The schism has occurred and the new era of "Uncanny X-Men" begins two weeks after Marvel's long-running title saw the previous volume's final issue ship. Not so much a stunt to gain new readers (though that no doubt plays a part), the relaunch of "Uncanny X-Men" places it on equal footing with the newly launched "Wolverine and the X-Men," showing that each group is acting parallel to one another, neither one "better," just different. Despite the harshness of the "Schism" title, the aftermath is one of mutual respect and coexistence, something this first issue makes quite clear as it lays out the new status quo and direction of the series. It's an entertaining first issue that draws upon past "Uncanny X-Men" stories while maintaining a new reader-friendly tone.
In the final issue of the previous volume, writer Kieron Gillen laid out how Cyclops would be looking to the future, seeing returning to school as a step back, and this issue illustrates exactly what Cyclops had in mind. The story isn't a radical approach, having roots in Grant Morrison's "New X-Men," but it's one that makes sense and gives "Team Cyclops" a distinct purpose. Cyclops' use of language and willingness to do what's necessary to see his vision through may take some readers aback, and it's clearly his embracing some of these tendencies that caused Wolverine and the others to move back to Westchester. It seems as though, without dissenting voices present, he's becoming even more comfortable taking up the role of the sort of leader he thinks mutants need. This is underscored by Cyclops' belief that this mission is vital to Wolverine's group as they're still "his people," as it were.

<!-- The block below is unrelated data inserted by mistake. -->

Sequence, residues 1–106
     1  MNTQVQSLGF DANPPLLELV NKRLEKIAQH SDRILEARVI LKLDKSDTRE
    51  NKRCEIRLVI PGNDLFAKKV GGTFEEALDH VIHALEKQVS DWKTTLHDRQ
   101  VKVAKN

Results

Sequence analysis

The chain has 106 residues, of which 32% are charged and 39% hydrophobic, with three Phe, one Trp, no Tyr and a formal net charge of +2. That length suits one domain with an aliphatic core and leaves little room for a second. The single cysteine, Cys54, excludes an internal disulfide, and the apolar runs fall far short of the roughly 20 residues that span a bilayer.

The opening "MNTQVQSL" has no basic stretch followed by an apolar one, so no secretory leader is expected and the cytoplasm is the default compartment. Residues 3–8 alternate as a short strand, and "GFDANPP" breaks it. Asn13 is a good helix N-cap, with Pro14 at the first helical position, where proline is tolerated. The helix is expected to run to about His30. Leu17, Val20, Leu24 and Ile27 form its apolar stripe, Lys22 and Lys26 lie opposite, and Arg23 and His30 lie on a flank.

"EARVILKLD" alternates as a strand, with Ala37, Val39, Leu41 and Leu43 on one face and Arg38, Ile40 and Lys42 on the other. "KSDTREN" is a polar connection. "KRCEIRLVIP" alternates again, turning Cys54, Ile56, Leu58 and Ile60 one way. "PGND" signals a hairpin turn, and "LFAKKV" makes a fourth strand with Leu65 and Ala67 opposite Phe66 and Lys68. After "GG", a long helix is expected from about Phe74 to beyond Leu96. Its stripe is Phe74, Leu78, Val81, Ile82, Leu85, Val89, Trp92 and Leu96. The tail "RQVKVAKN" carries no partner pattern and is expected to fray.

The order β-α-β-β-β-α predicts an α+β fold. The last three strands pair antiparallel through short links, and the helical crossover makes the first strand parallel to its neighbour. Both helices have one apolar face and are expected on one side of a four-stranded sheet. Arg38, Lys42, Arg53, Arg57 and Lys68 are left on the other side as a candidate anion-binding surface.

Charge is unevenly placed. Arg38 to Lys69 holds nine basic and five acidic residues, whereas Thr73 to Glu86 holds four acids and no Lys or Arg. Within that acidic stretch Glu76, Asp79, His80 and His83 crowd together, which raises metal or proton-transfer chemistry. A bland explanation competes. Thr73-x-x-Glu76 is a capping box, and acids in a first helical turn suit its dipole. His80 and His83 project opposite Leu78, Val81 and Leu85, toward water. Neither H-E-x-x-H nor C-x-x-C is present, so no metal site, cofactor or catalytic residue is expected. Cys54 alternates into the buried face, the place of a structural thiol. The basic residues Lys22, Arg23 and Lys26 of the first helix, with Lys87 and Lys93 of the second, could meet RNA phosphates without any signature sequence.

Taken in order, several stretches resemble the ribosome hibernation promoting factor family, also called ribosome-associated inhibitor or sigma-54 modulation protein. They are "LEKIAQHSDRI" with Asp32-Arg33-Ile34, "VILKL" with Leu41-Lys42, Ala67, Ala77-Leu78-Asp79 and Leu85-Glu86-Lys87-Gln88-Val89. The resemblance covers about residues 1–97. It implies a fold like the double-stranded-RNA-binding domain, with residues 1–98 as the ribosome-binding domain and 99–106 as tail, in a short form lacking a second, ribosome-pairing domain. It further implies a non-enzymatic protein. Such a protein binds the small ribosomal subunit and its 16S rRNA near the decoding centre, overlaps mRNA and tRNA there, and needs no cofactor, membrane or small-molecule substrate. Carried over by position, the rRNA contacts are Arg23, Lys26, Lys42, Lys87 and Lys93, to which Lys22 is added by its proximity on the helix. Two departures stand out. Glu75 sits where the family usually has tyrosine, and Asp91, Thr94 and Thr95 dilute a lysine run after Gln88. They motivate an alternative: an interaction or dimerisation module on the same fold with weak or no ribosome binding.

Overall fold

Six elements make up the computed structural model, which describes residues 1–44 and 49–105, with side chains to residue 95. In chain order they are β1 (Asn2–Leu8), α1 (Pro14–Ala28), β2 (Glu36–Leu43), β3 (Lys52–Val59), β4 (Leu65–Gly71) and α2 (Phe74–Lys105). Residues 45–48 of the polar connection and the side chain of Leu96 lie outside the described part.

The first villain of this relaunched series, Mr. Sinister, isn't a surprise since he was given considerable panel time in the final issue of the previous volume. Gillen's take on the classic X-Men nemesis is an entertaining one, his role determined by Cyclops' new direction for the X-Men. Sinister is theatrical and entertaining, more a dangerous nuisance than a true villain, which makes him even more compelling than your typical antagonist. His display of power is impressive, putting into doubt how effective Cyclops and the X-Men will be in facing him.
Carlos Pacheco has flirted with a full-time return to the X-books, producing the "Point One" issue of "Uncanny X-Men" earlier this year as well as the first issue of "X-Men: Schism." He's a good fit with Gillen's writing, providing a clean and clear artistic vision of the group. His art, combined with Frank D'Armata's colors, makes the team look a little futuristic -- modern, bright and shiny. D'Armata's coloring isn't as overbearing as it sometimes is as the colorist seems to have a good understanding of how to complement Pacheco's pencils best. When the issue turns to action, Pacheco's art really shines. He's always been a great superhero action artist and Gillen plays to his strengths well.
While some purists may complain about the relaunch of "Uncanny X-Men," this issue makes a strong argument for the new direction of the title and deftly illustrates what sets it apart from the previous volume. Cyclops and the X-Men look to be changing mutants' role in the world in a manner different from Xavier's vision, and as such, the break makes sense. This first issue sets up the new status quo well before diving into the plot, resulting in an entertaining, action-packed, smart comic.